Monday, 6 April 2009

THOUGHTS: Tabú by NoFit State Circus

I’m not a big fan of the circus. I guess it’s partly because I’m a snob, and partly because Dr Who taught me that clowns are creepy. The bizarre pride of family tradition and inevitable inbreeding (“8th generation circus family” “9th generation circus family” and “living on the road and only knowing circus people” combine in my head in unpleasant ways) doesn’t really help.

But hey, I was offered free tickets to Tabú, and it was an excuse to see something at the Roundhouse, which I walk past somewhat frequently and have never actually visited properly, so why not?

Tabú is promoted as circus meets burlesque and punk, and it’s not an entirely inaccurate description. Following the trends of new circus, there aren’t animals or greasepaint laden clowns (decidedly less creepy), but the show maintains a wonderful atmosphere, feeling appropriately grimy, dirty, like a slightly guilty pleasure to be attending this in public. The female costumes are what largely inspire the burlesque tag, lots of pre-war muslin and low cut high-skirted dresses (though no actually nudity and only minor stripping, usually to lose a large skirt on a trapeze).

As far as punk, that brings me to my favourite part of the evening, which is the music. While not punk as traditionally defined, the music is an odd blend of outsider (think Jandek lyrics meeting the Vaselines’ deranged tunefulness) mixed with new swing (Squirrel Nut Zippers), a splash of continental classic (Brel/Piaf) and a dusting of new wave. It’s all performed live, and I wish I’d checked the merchandise table for a CD - there really should be one.

The actual circus-ing is pretty traditional, spruced up by a steel towered behemoth out of a dystopian six year old’s Meccano set full of winches and human counterweights. There’s some avant garde use of video, and an entertaining scene done on perpendicular trampolines, one doubling as a projection screen. A few scenes, such as the opening use of silhouettes and the finale, are beautifully creative. Others are more standard fare, but it’s all supposed to come together in a look at the darker side of human desire. I didn’t always see it, and found the second half more cohesive, but it’s there for the people who want it (and can be ignored for those who just want a spectacle.)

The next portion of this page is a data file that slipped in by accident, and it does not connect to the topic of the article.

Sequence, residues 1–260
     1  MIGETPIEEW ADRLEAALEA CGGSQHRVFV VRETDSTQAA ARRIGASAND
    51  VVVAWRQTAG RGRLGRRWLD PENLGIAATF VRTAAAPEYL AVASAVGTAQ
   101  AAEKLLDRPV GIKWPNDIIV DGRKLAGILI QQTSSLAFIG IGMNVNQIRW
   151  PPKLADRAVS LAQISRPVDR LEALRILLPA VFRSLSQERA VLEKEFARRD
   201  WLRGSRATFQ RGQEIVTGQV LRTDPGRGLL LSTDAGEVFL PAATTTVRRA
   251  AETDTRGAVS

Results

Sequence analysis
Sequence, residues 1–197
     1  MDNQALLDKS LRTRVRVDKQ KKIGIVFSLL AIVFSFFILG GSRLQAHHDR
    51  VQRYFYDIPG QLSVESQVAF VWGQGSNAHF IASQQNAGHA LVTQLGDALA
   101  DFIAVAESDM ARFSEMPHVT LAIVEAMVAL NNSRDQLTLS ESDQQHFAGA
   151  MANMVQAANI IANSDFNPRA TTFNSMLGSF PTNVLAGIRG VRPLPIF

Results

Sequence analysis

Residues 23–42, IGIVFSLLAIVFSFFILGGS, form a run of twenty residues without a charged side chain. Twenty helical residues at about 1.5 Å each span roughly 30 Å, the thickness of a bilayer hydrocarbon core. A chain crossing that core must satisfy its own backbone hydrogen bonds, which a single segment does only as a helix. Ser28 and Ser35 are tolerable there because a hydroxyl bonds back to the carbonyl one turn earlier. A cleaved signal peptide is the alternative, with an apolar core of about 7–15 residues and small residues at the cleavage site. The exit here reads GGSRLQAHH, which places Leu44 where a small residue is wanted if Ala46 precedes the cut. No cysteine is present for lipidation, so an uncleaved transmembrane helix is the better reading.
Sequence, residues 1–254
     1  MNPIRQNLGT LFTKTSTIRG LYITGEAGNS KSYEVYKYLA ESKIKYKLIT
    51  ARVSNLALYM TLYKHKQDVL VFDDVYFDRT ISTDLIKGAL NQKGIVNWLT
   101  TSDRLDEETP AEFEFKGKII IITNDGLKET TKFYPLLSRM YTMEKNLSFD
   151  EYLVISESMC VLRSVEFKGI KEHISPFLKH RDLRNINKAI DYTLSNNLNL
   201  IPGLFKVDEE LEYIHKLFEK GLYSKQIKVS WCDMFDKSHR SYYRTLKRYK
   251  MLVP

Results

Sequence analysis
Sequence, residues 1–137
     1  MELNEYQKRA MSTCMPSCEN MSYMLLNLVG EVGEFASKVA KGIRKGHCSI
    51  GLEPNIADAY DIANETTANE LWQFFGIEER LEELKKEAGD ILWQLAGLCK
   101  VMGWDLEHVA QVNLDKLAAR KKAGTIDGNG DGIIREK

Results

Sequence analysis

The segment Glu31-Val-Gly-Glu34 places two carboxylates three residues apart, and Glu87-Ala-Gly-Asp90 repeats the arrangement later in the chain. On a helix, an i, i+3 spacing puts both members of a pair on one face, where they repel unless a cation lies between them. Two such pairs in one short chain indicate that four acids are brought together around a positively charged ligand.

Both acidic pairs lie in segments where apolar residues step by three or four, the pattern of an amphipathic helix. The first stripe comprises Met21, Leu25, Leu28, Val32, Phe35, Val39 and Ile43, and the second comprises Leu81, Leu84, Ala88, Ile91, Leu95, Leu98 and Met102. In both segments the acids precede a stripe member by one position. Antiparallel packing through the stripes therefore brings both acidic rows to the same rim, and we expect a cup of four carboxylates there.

The production is also advertised as promenade, which is misleading: the action is largely central and elevated, but the entire space is standing room and attendees are encouraged (and sometimes forced for safety reasons) to move around. My companion and I both moved around a fair bit, largely to avoid crowding and to take advantage of shifting our viewing angle, and found it a rewarding experience: sometimes moving towards the back or over to a side paid off big time, other times it was a decent but not in your face view. Most of the audience, however, stayed largely put. Your ticket, your call.

In short? It didn’t convert me to circus, but it convinced me that I should see NoFit again if they’re in town, and I think the production hit far more than it missed. Recommended.

Where: Roundhouse Theatre
When: Until 19 April, M-Sa @ 19:30, Sa @ 14:00
How Much: £20. You will be standing/walking for 2 hours.
Concessions: £18, Under 16’s £12.50
RZ Unofficial “Worth Paying”: £20. Worth it for the music alone.
RZ Other Notes: If booking online, do your best to book directly through the theatre as your booking fee goes straight to the Roundhouse’s youth theatre charity.

No comments: